# Idea behind internal SHA-2 functions

In the SHA-2 family, specifically SHA-256, there are functions called Sigma0 and Sigma1, which look like this:

Sigma0(b, c, d)
{
Return (b & c) ^ (~b & d);
}


I don't really understand the logic or idea behind this. I looked on the internet a lot, but I couldn't find an answer to my question.

So does anybody know why they chose this specific function? Is it part of some secure block cipher or permutation algorithm? I couldn't find anything about the Ch and Maj online, nor what I'm asking now.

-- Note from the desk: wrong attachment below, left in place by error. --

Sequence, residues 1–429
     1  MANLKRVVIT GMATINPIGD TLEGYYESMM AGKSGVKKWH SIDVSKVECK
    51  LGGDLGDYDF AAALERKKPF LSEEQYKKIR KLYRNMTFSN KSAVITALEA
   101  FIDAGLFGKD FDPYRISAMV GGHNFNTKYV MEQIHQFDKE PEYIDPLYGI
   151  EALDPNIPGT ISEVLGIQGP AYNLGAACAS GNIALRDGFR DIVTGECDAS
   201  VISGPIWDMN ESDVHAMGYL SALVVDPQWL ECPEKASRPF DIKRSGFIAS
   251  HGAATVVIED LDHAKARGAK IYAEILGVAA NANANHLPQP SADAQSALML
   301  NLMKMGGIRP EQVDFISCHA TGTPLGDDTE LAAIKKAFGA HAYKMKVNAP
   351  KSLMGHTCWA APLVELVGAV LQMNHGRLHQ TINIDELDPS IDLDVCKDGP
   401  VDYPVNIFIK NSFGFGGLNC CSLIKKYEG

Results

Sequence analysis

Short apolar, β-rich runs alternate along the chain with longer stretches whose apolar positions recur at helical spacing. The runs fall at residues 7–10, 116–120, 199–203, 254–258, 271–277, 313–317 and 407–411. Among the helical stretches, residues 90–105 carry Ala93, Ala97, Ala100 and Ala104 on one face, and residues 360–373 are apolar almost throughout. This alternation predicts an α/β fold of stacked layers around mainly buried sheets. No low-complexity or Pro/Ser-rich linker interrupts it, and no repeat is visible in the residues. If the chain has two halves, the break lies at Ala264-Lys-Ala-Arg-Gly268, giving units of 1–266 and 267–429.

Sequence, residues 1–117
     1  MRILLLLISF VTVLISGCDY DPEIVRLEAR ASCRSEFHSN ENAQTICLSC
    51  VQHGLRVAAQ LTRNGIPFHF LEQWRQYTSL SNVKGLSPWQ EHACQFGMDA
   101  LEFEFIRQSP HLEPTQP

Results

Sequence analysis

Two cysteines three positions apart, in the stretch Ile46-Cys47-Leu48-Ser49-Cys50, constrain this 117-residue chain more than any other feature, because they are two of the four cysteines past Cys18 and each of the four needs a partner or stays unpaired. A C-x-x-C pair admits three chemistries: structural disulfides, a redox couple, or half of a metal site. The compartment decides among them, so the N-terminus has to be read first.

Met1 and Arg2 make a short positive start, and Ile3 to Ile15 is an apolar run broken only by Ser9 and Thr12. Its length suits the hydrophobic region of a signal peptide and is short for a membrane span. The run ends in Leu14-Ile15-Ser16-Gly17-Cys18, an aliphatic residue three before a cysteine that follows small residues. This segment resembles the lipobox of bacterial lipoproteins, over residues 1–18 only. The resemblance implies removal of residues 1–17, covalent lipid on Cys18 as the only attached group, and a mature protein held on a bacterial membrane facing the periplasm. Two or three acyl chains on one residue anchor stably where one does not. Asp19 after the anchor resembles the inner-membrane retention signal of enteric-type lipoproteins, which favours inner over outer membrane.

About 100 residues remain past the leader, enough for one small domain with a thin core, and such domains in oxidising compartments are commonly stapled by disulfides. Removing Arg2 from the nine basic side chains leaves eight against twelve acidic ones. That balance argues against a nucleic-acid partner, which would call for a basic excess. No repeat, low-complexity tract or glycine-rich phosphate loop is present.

• That is too deep. Check this question What makes SHA256 secure?. Dec 31, 2019 at 16:53
• Do you mean I have to find another place to ask? I don't really know any... Dec 31, 2019 at 18:20
• Not exactly, The functions are must be considered all together to achieve, the avalanche, confusion, and diffusion... Dec 31, 2019 at 18:32
• Analyze here Dec 31, 2019 at 18:46
• Thanks, so they are just build to be as random as possible and all of them together are "random enough", right? Jan 1, 2020 at 9:27